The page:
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Edited Transcript of AGTC earnings conference call or presentation 26-Sep-19 8:30pm GMT

Q4 2019 Applied Genetic Technologies Corp Earnings Call

ALACHUA Oct 1, 2019 (Thomson StreetEvents) -- Edited Transcript of Applied Genetic Technologies Corp earnings conference call or presentation Thursday, September 26, 2019 at 8:30:00pm GMT

TEXT version of Transcript

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Corporate Participants

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* Mark S. Shearman

Applied Genetic Technologies Corporation - Chief Scientific Officer

* Susan B. Washer

Applied Genetic Technologies Corporation - President, CEO & Director

* Theresa Heah

Applied Genetic Technologies Corporation - Chief Medical Officer

* William A. Sullivan

Applied Genetic Technologies Corporation - CFO

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Conference Call Participants

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* David Matthew Nierengarten

Wedbush Securities Inc., Research Division - MD & Head of Healthcare of Equity Research

* James William Birchenough

Wells Fargo Securities, LLC, Research Division - MD and Senior Biotechnology Analyst

* Joseph Pantginis

H.C. Wainwright & Co, LLC, Research Division - MD of Equity Research & Senior Healthcare Analyst

* Matthew W. Luchini

BMO Capital Markets Equity Research - Analyst

* Yun Zhong

Janney Montgomery Scott LLC, Research Division - Equity Research Analyst & Director of Biotechnology Research

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Presentation

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Operator [1]

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Good afternoon, and welcome to AGTC Fourth Quarter and Fiscal Year 2019 Financial Results Conference Call. Today's call is being recorded.

Before we get started, I'd like to remind everyone that during this call, AGTC may make forward-looking statements, including statements about the company's financial results, financial guidance, its future business strategies and operations and its product development and regulatory progress. Actual results could differ materially from those discussed in these forward-looking statements due to a number of important factors, including uncertainty inherent in the clinical development and regulatory process and other risks described in the Risk Factors section of AGTC's annual report on Form 10-K for the fiscal year ended June 30, 2019.

For introductions and opening remarks, I'd like to turn the call over to Sue Washer, Chief Executive Officer of AGTC. Please go ahead.

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Susan B. Washer, Applied Genetic Technologies Corporation - President, CEO & Director [2]

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Good afternoon, and thank you all for joining us today. With me on today's call is Bill Sullivan, our Chief Financial Officer; Mark Shearman, our Chief Scientific Officer; Theresa Heah, our Chief Medical Officer; Matt Feinsod, our Executive Vice President of Global Strategy and Development; and David Knop, our Executive Director of Process Development.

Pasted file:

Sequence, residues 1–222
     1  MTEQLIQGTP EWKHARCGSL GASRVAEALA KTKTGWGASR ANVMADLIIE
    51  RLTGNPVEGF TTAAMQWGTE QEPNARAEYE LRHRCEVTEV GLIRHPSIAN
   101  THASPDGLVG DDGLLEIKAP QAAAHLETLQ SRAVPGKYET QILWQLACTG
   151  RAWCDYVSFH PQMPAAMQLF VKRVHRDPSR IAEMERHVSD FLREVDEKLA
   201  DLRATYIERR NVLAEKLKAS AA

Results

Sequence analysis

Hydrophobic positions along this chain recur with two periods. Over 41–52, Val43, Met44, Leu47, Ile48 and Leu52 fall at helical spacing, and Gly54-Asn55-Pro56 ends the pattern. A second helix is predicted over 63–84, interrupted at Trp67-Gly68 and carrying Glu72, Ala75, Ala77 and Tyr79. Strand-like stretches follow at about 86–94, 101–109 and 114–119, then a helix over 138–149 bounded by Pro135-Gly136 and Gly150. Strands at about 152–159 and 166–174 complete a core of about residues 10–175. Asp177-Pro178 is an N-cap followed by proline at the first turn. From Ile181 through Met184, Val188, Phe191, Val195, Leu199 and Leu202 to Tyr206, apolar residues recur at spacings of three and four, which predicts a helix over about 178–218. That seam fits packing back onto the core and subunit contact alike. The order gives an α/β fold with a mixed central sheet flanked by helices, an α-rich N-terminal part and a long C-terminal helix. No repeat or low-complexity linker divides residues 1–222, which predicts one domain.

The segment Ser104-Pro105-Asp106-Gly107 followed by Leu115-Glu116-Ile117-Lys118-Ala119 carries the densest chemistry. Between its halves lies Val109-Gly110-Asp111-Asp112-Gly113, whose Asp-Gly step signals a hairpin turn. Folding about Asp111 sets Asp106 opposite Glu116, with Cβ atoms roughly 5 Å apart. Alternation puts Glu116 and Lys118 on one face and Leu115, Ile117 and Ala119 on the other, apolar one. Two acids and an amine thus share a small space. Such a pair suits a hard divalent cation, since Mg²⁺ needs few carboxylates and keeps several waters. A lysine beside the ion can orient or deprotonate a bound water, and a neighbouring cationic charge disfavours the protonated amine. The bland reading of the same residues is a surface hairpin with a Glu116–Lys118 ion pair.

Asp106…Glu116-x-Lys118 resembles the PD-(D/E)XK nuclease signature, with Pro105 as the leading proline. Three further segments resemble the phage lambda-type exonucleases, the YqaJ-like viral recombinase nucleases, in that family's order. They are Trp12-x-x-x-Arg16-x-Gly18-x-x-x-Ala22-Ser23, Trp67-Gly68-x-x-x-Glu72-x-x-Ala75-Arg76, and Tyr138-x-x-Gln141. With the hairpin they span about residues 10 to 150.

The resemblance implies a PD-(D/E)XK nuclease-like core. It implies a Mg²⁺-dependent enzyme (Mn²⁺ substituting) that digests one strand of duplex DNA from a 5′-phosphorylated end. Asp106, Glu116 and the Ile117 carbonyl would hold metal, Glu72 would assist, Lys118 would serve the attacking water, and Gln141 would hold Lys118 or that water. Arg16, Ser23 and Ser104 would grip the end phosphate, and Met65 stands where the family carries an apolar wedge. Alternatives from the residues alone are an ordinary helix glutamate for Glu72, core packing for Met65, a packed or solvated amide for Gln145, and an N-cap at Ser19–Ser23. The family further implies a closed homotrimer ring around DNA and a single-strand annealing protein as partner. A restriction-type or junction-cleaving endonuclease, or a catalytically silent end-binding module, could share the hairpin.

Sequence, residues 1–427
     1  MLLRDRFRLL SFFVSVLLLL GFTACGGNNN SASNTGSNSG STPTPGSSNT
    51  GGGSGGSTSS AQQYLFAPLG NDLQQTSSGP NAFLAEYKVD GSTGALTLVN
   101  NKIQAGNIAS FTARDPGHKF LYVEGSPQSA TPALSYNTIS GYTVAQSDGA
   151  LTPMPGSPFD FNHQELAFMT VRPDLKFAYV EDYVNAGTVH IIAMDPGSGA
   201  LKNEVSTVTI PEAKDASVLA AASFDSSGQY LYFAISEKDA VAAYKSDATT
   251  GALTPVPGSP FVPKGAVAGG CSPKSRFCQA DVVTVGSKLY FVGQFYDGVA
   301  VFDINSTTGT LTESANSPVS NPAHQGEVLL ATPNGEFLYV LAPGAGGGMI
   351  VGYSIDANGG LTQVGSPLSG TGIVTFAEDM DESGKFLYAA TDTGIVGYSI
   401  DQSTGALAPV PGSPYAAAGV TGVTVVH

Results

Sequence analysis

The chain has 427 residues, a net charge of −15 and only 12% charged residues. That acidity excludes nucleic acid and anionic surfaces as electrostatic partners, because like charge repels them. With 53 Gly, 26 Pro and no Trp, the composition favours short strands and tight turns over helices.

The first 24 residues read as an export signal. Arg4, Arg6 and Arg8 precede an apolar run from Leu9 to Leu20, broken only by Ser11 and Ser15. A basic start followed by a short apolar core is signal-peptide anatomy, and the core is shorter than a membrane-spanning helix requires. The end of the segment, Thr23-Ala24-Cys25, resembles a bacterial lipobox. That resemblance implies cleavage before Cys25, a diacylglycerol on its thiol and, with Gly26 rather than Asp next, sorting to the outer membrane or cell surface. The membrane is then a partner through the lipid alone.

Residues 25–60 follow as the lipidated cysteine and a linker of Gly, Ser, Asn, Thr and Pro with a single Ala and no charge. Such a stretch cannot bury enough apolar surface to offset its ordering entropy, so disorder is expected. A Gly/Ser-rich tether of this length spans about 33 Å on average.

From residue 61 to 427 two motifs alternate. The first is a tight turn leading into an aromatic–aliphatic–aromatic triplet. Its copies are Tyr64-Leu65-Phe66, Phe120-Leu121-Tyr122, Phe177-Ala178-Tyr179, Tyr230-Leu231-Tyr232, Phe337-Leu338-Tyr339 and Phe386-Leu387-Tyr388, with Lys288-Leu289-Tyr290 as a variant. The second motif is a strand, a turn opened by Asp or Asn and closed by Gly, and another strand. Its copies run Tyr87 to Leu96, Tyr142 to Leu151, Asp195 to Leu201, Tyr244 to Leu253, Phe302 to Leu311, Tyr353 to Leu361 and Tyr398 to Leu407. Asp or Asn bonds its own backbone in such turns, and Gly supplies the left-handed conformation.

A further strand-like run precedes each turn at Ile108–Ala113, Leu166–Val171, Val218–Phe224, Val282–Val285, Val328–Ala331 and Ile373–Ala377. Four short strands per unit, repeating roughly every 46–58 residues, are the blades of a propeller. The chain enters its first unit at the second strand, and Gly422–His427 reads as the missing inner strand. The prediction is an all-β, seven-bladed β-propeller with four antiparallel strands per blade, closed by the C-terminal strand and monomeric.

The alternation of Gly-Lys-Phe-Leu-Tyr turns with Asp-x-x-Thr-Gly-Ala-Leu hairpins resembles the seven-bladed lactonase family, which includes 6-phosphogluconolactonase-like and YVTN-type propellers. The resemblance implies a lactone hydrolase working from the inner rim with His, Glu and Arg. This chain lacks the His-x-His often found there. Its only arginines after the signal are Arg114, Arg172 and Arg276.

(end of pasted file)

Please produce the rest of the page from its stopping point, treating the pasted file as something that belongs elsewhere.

While this is a larger group than we've had on previous calls, I've asked the broader team to join us in order to share with you a wealth of new data and information that we believe validates our technology platform. I'm certain you'll find our expertise and insights helpful.

We're excited to share with you today new data that includes the planned top line 6-month XLRP dose escalation data as well as preliminary 3-month data from the XLRP dose expansion cohort showing stability of visual function in the periphery and improvement of visual function centrally. We are also pleased to provide an early look at data indicating biologic activity in our achromatopsia trials. Much of this information is included in the slide deck accompanying our prepared remarks, which will be available on the AGTC website following this call.

We believe these data across 3 clinical indications and the company's extensive preclinical data and manufacturing excellence enhance and strengthen AGTC's leadership in the ophthalmology gene therapy arena.

We've made great progress over the last 12 months across our clinical programs in XLRP and achromatopsia, and we are leveraging our expertise in AAV gene therapy to expand our development activities into additional disease areas.

Later in the call, Mark will discuss the progress we've made in our preclinical programs, all of which take advantage of our existing expertise, knowledge, resources and infrastructure in order to maximize our likelihood of success while streamlining the development progress.

In the fourth quarter, we made several strategic management enhancements in anticipation of late-stage clinical development and commercialization activities shown in Slide 4. These include appointing Theresa Heah as our new CMO. Theresa joins us with more than 10 years of senior executive pharmaceutical experience, including successfully overseeing late-stage drug development and commercialization, and it will help her to guide our ongoing clinical programs through the clinical and regulatory landscape toward approval, and we look forward to her valuable contributions.

With Theresa's appointment as CMO, Matt Feinsod has transitioned to Executive Vice President of Global Clinical Strategy and Development. We also appointed Brian Krex as General Counsel. Brian has extensive commercialization experience, most recently having served as Vice President and Global Head of Commercial and Regulatory Law with Alexion Pharmaceuticals. We believe this added expertise will enhance our ability to successfully develop and commercialize our innovative product pipeline. We are confident we have the right executive team in place to advance our company through late-stage development and eventual regulatory approval.

I will now turn the call over to Theresa who will provide our clinical updates.